The special tradition Rarangi Golf Club has with the Green Jacket, is that anyone who has a double bogy on the day donates $1.00 to the prize fund.
I wonder if they have thought about doing that at Augusta?
May all your putts find gravity.
Welcome to the News and Blog section.
Here you will run across a number of links that will help
establish this section a one stop golfing shop for our members and visitors. It will be updated from time to time to keep the links interesting and current and will also include comments from Mashie Niblick, our Rarangi Special Correspondent and Blogger.
So pop in and visit anytime.
From Mashie Niblick – Our Rarangi Blogger.
Many of you golfing nuts will know doubt be relieved that the Masters will be seen live on Sky Sports. ( April 9-12 ) New Zealand dates April 10-13. www.masters.com .
The arrival into the global sporting market of internet moguls , other than the traditional satellite mega networks is going to make a huge change to our comfortable viewer habits.
Sky has done a great job in bringing top overseas sport to New Zealand but their monopoly on buying rights is being challenged. Last year they lost the Football Rights battle to Coliseum and this year that company has taken over the major percentage of international Golf.
Those comfortable mornings watching the golf from the United States in your favourite armchair, watching Sky on Channel 051, with a piece of toast and a cup of coffee, have gone.
Top sport is on the internet. You can get it on demand, but it will cost you more. Possibly you will need a Smart TV too! Find out on www.coliseumsportsmedia.com
No Kiwis in the field but 6 Australians.
Notables Jason Day and Adam Scott; the ubiquitous Geoff Ogilvy; solid performers on the PGA tour, Marc Leishman and John Senden; and Australia’s rising amateur star, Antonio Murdaca (good Aussie name).
Murdaca won his spot by taking the Asia/Pacific title last year at Royal Melbourne.
Bubba Watson is the defending champion, while Jason Spieth who must be one of the favorites this year, was runner up with Jonas Blixt of Sweden. Bet you did not remember his name!
Spieth is one of only 4 players since 1940 who have won twice on the PGA Tour before they have turned 22. The others: Woods 6, Garcia 3, Gamez 2 while Spieth won his titles before he has turned 22.
Robert Gamez may seem the odd one out in that group. From Las Vegas he was 22 when first played on the PGA tour in 1989 winning twice that year. In 1998 he suffered a motor accident, his golf suffered since.
Woods is down to play at Augusta in April. Hope his Glutes are OK.
Best Performance by a New Zealander at the Masters
1996 Frank Nobilo 4th
1963 Bob Charles 15th
What about Stevie Williams?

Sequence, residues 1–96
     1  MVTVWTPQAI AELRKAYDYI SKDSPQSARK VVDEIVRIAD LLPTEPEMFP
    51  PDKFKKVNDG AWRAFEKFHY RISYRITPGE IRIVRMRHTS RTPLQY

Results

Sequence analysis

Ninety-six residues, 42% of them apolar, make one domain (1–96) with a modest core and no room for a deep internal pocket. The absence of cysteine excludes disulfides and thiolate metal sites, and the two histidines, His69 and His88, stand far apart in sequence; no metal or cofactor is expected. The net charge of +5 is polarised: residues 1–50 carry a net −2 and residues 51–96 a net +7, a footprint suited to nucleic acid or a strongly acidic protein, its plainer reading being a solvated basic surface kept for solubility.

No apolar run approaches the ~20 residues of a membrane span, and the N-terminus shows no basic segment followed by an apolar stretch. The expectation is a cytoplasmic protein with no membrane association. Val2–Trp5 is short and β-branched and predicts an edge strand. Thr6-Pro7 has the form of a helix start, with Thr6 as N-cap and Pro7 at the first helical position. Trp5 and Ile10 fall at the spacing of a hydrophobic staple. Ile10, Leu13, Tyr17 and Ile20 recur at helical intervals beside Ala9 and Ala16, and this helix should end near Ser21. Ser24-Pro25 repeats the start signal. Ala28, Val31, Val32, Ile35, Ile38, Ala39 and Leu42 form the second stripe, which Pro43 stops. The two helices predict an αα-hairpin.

Some Masters Tit Bits
Autograph seeking is only allowed on the Washington Road side of the clubhouse, near where the golfers enter and exit the putting and short game practice area.
There are nearly 9000 free, yes FREE parking spaces available off Berckmans Road. (you all know where that is don’t you?)
While most Kiwi sports fans complain about the price and quality of food at major events, the Masters organisors are generous to the extreme with their fans. Check this out.
Sandwiches $1.50 and $3.00
Soda Drinks $1.50
Water and Iced Tea $1.50
But they are strict on other things.
Prohibited items on the course.
Cameras allowed only on practice days.
Flags and Banners
If you get caught buying of selling tickets you will be arrested. There is a restricted area 800 metres around the course where this activity is prohibited. You are even in trouble if you ask for free tickets.
The Green Jacket
Every member receives a Green Jacket when he is accepted as a member.
But only the current Champion is allowed to remove it from the course and then only for a year.
Masters winners are not members of the club.
Horton Smith’s jacket (he won the title twice in 1934 and 1936) was sold at auction in 2013 for $ 682.000.
Gary Player who won his first Masters in 1961 took his jacket home to South Africa and did not return it. It took some years of negotiation with the Committee before he was allowed to keep it and it is on display in Player’s personal museum.
Holes 11, 12, 13. The phrase was written in an article by Hubert Warren Wind for Sports Illustrated in 1958, reviewing Arnold Palmer’s victory. Stuck ever since.
Enjoy the Masters on Sky
Our Golfing World
The Latest Gizmo : The Orange Whip
The latest golfing training aid to have taken the sport by storm in the USA, is the Orange Whip.
Endorsed by some of the top teachers it has been a must have, for pros and top players and is ideal for every range of handicap player. It is not a cheap aid, set you back close to $230 with postage. Worth checking out on:
Latest in Shoes
Need a new pair of golf shoes? Check out the Nike TW’ 15 Flyweave. A Tiger Woods encouraged product. He wanted a state of the art shoe. It was developed from the one piece upper Nike basketball boot.
Slam dunk your putts. You will be a hit at Rarangi with a pair
Price $NZ 350.
Nike reports that the improved outsole is 3mm lower than previous models for greater ground contact. It revolves around Tiger’s hobbies of diving and spear fishing. The sole is like octopus beaks and the rubber in the heel like shark scales.
Comment from Tiger, too on this site.
i”ll be back soon with more Blog talk
May all your putts strike gravity on your first attempt.